February 20, 2019
“Walls are not very effective at stopping movement. People can go around, over, under…The way that walls do work is as a symbol. The material object of the wall stands in for all of the other complex issues about borders, migration, and trade.” – Reece Jones, author of Violent Borders: Refugees and the Right to Move
“You know, a wall is the best way to do nothing while looking like you’re doing something” – Anonymous comment on India fencing project along Bangladesh border
On Friday, Congress managed to pass a compromise budget bill that included some money for wall construction. Trump, not happy with the amount, used the signing ceremony to issue an executive order declaring a national emergency in a gambit to give himself authority to use up to $8 billion from other accounts to finance his promised border wall.
While pundits debate “who won” the budget showdown and/or fact check Trump’s many lies about immigration, we thought it might be worth stepping back for a minute and look at the wall debate from a more global perspective. It is worth noting that between the end of World War Two and the end of the Cold War (1945-1989) the number of international border walls (fences or other barriers) grew from five to fifteen. Since the collapse of the Berlin wall in 1989, the number of border walls has actually grown to seventy, with at least another seven in various stages of planning.
Which is to say, the post-Cold War age of the globalization of finance, transnational production networks and open trade regimes has not been met with open borders for people. On the contrary, the impact of global economic forces has led to a dislocation of millions of people around the globe. The related force of climate change is estimated to displace 22.5 million people a year. Add to that the refugee crises that have emerged from U.S. wars in Iraq and Afghanistan, U.S.-supported wars in Yemen and Syria and other conflicts, and there are now more people displaced in the world that any time in history. Their migration, when they attempt to cross international borders, has been met with increasing nationalistic backlash.
So, we build walls. The United States already has a border wall – a bipartisan effort launched in 2006 with the Secure Fencing Act. Nearly a third of the border is thus walled in – with the rest of it monitored and patrolled. In the course of this latest budget debate, Democrats were themselves committed to spending billions more on border security. They just didn’t want to give Trump a wall – or at least a concrete/brick wall. But billions of dollars for more fencing, border patrols and expanding a virtual surveillance wall was fine (though not enough for Trump).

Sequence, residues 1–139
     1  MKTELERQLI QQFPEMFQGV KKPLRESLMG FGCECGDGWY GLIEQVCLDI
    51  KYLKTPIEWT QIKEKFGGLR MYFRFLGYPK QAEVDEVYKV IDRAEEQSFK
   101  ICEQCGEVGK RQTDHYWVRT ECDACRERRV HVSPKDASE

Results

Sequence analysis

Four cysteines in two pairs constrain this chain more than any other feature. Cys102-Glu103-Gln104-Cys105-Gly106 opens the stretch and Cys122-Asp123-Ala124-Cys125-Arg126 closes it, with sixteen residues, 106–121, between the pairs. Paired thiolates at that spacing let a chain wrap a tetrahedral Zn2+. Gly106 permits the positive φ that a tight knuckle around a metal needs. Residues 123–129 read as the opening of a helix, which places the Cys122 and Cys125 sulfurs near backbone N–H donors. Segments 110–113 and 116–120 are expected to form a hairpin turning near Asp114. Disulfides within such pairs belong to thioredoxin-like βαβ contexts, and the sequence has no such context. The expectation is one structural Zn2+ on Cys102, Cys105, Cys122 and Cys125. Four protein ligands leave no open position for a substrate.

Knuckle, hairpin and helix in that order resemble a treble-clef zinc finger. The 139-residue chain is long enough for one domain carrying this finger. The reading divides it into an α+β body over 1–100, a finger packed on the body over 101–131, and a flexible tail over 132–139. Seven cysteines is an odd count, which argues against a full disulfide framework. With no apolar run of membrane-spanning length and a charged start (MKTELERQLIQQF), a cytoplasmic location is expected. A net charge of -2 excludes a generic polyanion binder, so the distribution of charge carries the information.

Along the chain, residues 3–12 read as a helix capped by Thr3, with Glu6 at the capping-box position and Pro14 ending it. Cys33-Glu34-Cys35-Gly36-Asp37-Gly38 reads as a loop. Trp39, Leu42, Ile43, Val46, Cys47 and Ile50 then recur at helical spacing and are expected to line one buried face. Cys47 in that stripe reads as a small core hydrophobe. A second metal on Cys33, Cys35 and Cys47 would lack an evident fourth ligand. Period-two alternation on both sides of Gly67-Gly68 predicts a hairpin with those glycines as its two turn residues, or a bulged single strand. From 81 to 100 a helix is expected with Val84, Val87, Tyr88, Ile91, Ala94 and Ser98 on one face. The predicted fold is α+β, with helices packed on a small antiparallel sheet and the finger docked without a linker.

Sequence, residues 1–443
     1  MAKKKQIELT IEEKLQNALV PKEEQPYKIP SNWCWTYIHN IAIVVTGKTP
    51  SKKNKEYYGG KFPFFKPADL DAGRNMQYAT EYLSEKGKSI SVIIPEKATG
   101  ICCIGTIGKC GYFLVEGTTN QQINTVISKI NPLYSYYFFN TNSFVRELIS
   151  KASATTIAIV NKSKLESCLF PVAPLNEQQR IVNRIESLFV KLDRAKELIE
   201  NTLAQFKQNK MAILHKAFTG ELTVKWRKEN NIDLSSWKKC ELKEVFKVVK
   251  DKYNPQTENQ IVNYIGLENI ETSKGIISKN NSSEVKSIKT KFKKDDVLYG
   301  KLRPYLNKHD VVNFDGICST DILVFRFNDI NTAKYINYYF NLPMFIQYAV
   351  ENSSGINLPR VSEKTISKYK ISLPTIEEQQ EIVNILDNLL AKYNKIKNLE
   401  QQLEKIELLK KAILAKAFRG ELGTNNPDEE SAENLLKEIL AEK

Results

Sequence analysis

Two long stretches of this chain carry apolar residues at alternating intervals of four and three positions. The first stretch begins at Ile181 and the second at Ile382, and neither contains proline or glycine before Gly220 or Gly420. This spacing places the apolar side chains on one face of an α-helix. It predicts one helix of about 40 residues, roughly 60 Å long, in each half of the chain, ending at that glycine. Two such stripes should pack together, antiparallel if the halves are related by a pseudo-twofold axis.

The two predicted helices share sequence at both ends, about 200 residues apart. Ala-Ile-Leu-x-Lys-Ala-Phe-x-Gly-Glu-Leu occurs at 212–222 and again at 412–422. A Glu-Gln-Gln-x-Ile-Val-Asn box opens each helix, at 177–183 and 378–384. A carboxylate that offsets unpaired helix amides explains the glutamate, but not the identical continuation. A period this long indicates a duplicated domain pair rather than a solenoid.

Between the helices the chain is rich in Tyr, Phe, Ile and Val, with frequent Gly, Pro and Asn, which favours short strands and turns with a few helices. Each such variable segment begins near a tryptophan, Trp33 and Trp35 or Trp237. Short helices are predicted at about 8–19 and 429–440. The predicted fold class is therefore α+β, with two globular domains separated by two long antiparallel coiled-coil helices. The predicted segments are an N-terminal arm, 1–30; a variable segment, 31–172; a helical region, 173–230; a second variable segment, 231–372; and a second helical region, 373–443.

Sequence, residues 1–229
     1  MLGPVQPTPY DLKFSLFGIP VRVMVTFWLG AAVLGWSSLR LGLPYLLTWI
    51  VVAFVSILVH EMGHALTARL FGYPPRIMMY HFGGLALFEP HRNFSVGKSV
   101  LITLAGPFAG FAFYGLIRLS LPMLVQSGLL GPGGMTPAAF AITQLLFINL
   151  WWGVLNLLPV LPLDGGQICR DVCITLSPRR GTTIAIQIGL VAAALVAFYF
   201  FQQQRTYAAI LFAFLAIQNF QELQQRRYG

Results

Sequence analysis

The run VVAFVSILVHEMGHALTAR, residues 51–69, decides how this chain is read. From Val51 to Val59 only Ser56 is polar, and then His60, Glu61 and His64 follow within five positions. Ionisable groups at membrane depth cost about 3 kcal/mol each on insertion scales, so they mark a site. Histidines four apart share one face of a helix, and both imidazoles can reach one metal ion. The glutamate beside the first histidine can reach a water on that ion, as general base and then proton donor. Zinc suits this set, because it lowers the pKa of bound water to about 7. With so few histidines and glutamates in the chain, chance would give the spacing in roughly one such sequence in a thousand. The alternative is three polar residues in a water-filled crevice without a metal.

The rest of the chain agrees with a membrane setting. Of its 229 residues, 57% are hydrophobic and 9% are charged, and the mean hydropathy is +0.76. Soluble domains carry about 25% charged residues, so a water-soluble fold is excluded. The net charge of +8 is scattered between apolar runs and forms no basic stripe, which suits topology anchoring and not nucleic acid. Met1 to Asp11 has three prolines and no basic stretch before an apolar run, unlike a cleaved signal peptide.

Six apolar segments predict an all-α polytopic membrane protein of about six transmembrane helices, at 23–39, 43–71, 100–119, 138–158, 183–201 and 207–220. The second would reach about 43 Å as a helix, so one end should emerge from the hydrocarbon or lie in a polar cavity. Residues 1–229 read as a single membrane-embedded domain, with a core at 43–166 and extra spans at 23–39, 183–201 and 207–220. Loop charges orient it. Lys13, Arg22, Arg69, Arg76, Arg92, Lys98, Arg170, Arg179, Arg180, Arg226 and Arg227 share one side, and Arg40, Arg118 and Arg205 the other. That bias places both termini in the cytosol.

It seems the political class are all nationalists now, left to debate simply the optics of implementing anti-immigrant policies. Why? Well, to hear politicians talk, it has something to do with scary people crossing our borders in search of free lunches, who thus threaten hard working Americans (or Brits, French, Greeks – whatever appropriate demonym for the given country). However, beneath this pandering to an audience made insecure by the same economic forces displacing their neighbors, there is another explanation for the turn to nationalist policies: A global market in border security.
We’re currently in the middle of a golden era for border wall contractors. Companies are building everything from fences lined with concertina wire to military-grade drones to high-tech lidar sensors to monitor borderlands, and budgets for holistic frontier defenses are ballooning in tandem. The global market for border security technology is expected to grow to nearly $53 billion in the next few years, with major security companies like Raytheon, Northrop Grumman, and Lockheed Martin leading the way.
If one views the larger homeland security industry, at a global level, the numbers are staggering. Todd Miller, says in an interview with The Nation:
[W]hen you look at the market forecast, all of them show a homeland-security market that’s growing. There are reports that say it’s an unprecedented boom period. The last one that I saw for the homeland-security market had it going to $742 billion by 2023. In Storming the Wall, I had figure of $546 billion for 2022 for the broader global security market.
So, while Trump may be unique in his bombastic approach, and dangerous in his autocratic tendencies, the phenomenon he represents is a global one of displacement, insecurity and nationalistic responses. With the money at stake, we can rest assured that pressure will remain on Congress to maintain a securitized response to the movement of people, whatever happens to Trump.
T.M. Brown “Border Walls are a big Business – and not just in Trump’s America,” FastCompany
Will Mayer, “The Climate Wall: Q & A with Todd Miller,” The Nation
Jeff Gammage, “Construction of border walls exploding around the world, as Trump demands billions for barrier at Mexico line,” The Inquirer